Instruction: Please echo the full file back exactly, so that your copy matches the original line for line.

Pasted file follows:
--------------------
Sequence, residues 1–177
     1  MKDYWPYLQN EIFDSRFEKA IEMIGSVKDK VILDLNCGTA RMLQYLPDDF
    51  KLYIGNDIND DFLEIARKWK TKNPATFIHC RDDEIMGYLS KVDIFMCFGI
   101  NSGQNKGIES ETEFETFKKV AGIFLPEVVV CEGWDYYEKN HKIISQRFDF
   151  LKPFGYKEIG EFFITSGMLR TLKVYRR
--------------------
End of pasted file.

Sequence, residues 1–177
     1  MKDYWPYLQN EIFDSRFEKA IEMIGSVKDK VILDLNCGTA RMLQYLPDDF
    51  KLYIGNDIND DFLEIARKWK TKNPATFIHC RDDEIMGYLS KVDIFMCFGI
   101  NSGQNKGIES ETEFETFKKV AGIFLPEVVV CEGWDYYEKN HKIISQRFDF
   151  LKPFGYKEIG EFFITSGMLR TLKVYRR